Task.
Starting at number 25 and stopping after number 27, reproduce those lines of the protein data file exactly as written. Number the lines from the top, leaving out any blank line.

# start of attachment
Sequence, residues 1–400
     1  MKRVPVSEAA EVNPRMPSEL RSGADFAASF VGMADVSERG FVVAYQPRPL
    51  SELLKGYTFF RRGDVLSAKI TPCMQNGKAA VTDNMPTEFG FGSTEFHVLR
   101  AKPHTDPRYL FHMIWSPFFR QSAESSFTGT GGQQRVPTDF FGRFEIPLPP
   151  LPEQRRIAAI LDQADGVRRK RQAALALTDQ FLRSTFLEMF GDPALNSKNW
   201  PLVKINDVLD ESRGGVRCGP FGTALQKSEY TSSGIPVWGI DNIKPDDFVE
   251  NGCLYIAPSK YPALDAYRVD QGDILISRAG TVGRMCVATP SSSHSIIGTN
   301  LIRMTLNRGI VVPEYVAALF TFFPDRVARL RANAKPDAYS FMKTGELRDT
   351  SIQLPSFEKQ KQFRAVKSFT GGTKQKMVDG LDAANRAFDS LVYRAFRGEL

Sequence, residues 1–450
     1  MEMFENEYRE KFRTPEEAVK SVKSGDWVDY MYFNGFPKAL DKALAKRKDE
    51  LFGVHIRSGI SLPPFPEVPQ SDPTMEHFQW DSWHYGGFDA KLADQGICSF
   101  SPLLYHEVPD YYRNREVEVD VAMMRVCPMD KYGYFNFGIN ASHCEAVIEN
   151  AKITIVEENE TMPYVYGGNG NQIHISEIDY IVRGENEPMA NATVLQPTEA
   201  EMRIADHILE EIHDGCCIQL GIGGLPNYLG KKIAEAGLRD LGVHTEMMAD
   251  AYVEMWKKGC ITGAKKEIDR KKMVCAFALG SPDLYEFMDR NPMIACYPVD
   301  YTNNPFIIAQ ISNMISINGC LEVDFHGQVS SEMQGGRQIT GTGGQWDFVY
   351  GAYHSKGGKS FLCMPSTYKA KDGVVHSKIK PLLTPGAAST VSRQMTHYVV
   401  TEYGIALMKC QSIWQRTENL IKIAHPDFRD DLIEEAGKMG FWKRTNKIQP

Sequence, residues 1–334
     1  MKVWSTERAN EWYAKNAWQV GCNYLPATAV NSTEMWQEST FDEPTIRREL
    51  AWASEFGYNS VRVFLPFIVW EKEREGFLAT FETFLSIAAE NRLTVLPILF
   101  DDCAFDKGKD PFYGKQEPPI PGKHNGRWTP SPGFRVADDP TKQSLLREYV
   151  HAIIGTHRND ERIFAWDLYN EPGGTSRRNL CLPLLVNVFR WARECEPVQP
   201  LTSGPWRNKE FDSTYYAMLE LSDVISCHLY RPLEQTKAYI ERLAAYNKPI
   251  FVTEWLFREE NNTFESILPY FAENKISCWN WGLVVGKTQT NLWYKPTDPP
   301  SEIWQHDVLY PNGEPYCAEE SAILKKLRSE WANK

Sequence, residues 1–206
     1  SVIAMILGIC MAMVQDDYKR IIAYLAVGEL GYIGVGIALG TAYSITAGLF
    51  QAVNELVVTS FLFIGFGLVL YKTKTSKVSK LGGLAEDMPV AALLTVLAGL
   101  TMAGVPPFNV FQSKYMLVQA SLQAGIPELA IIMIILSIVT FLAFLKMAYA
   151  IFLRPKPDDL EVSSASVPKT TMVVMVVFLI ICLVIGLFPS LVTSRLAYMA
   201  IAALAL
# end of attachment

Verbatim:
   201  LTSGPWRNKE FDSTYYAMLE LSDVISCHLY RPLEQTKAYI ERLAAYNKPI
   251  FVTEWLFREE NNTFESILPY FAENKISCWN WGLVVGKTQT NLWYKPTDPP
   301  SEIWQHDVLY PNGEPYCAEE SAILKKLRSE WANK